Keywords: Central ML, embedded machine learning, energy consumption, local ML, Wireless Sensor Networks, WSN.

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13 The Effect of a Nutrient Fortified Oat Drink on Iron, Zinc, Vitamin A, and Vitamin C Status among Filipino Children

Authors: Imelda Angeles-Agdeppa, Anne C. Kurilich, Yashna Harjani, Mario V. Capanzana

Abstract:

The effectiveness of consuming a nutrient fortified oat drink on iron, zinc, vitamin A and vitamin C status was assessed among a cohort of school-aged Filipino children. Ultimate study implementation permitted only a within-subject comparison of change in nutritional status after four months of consuming a nutrient fortified oat drink. Thirty-eight anemic children (5-8 years) consumed an oat drink fortified with iron as NaFeEDTA, zinc, vitamin A and vitamin C for 120 days. Height, weight, serum nutrient levels, anemia status and dietary intake were assessed pre and post intervention. Thirty-four anemic children completed the intervention. After 4 months of intervention, prevalence of anemia decreased by 68% and significant improvements in iron and vitamin A status were observed. Results demonstrate the effectiveness of the fortified oat drink in alleviating anemia in young children and highlight the value of fortification programs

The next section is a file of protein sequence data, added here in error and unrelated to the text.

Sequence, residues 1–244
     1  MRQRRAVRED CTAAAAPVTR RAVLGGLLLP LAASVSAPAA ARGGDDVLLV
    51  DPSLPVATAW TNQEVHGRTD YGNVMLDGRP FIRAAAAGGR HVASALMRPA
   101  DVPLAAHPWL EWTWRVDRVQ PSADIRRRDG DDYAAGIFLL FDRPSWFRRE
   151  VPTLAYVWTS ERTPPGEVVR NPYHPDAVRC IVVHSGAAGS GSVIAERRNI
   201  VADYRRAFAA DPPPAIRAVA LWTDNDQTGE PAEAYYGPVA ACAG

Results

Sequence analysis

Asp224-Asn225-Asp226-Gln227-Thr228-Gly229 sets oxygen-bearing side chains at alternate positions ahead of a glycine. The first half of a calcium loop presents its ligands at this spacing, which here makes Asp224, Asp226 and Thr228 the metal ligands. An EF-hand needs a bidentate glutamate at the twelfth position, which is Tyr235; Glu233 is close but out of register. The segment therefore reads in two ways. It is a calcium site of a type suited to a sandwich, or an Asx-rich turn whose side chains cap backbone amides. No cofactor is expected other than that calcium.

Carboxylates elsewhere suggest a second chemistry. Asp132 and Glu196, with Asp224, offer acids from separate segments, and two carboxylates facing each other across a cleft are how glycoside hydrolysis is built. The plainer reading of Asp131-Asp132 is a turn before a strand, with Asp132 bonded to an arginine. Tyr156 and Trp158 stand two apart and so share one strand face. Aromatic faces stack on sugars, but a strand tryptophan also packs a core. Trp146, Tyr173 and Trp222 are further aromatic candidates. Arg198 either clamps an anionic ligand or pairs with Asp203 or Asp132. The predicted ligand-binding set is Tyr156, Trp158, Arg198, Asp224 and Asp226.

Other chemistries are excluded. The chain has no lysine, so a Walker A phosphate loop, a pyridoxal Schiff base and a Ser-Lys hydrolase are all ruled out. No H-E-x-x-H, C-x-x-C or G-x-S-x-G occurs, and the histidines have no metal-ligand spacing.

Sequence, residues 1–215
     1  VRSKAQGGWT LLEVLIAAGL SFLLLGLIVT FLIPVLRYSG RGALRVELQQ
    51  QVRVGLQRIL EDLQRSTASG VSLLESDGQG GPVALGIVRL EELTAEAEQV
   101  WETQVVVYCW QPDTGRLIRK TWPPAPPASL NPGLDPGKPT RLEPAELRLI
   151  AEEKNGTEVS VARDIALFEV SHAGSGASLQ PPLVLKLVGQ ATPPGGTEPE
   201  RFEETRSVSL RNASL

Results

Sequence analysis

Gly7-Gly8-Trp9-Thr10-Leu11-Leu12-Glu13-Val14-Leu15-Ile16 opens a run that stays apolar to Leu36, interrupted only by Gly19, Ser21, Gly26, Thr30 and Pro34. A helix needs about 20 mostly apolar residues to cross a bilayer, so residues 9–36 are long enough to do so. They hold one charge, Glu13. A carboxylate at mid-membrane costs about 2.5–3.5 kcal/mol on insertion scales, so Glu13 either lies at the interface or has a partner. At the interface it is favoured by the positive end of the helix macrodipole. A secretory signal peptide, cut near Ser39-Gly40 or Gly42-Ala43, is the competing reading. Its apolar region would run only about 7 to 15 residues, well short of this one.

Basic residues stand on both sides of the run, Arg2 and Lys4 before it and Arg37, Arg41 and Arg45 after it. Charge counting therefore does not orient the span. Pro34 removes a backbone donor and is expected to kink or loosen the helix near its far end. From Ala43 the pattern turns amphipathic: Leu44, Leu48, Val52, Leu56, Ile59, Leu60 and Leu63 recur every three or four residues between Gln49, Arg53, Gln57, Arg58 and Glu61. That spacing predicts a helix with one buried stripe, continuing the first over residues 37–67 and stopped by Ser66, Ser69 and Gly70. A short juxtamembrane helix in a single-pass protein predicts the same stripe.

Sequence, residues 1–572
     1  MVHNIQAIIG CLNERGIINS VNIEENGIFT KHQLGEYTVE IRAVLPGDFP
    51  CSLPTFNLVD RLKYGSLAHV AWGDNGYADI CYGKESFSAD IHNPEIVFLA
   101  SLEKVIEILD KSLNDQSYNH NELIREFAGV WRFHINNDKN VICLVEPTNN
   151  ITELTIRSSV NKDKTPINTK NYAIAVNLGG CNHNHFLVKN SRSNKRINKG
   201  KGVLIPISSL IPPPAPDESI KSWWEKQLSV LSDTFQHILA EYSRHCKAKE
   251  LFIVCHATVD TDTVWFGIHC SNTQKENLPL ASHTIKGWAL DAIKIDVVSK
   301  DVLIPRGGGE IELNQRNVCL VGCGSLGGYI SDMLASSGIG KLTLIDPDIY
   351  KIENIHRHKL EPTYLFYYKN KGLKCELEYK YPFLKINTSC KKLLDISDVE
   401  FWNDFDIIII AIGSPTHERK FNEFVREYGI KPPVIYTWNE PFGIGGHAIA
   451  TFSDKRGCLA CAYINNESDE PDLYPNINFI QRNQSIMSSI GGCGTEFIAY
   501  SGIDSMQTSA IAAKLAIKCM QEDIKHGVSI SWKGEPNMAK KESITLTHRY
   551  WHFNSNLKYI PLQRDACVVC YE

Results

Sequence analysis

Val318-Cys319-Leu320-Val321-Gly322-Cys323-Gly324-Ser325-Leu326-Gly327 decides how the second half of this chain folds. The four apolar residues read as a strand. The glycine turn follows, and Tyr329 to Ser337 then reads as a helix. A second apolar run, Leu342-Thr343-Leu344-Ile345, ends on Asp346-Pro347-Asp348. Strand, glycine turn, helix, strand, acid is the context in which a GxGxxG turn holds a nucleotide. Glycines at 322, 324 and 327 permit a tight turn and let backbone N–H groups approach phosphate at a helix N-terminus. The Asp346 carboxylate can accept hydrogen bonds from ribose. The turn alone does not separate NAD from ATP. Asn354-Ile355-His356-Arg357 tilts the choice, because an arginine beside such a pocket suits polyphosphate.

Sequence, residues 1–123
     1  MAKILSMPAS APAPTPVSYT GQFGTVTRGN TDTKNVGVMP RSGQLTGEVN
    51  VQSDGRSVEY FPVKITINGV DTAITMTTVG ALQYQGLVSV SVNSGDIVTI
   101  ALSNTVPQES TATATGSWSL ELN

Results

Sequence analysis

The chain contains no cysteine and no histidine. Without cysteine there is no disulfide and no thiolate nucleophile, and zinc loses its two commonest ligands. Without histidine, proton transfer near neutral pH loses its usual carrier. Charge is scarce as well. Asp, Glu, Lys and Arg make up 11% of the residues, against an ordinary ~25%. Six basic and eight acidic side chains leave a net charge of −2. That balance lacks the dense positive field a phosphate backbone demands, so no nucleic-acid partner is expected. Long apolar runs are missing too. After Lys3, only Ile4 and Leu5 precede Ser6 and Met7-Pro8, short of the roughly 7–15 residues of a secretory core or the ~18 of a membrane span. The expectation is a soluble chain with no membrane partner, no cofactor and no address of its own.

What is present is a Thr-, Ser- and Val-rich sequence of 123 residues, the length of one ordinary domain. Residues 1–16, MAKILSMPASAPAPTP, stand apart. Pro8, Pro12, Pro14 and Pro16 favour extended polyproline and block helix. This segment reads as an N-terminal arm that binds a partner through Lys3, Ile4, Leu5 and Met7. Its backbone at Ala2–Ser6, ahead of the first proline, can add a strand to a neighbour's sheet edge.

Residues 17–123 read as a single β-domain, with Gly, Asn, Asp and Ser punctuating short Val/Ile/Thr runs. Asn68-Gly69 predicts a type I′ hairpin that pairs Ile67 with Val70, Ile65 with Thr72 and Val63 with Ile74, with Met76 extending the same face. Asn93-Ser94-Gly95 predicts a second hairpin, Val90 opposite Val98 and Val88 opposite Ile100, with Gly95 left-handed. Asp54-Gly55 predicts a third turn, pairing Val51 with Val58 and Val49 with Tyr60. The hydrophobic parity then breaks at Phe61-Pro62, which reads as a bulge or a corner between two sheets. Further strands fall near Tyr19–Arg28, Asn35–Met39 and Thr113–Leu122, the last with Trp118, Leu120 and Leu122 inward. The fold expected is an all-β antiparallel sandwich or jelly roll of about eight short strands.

Keywords: Anemia, Children, Fortified Oat Drink, Nutrient status

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12 Drivers of Digital Product Innovation in Firms: An Empirical Study of Technological, Organizational, and Environmental Factors

Authors: Anne Theresa Eidhoff, Sarah E. Stief, Markus Voeth, Sarah Gundlach

Abstract: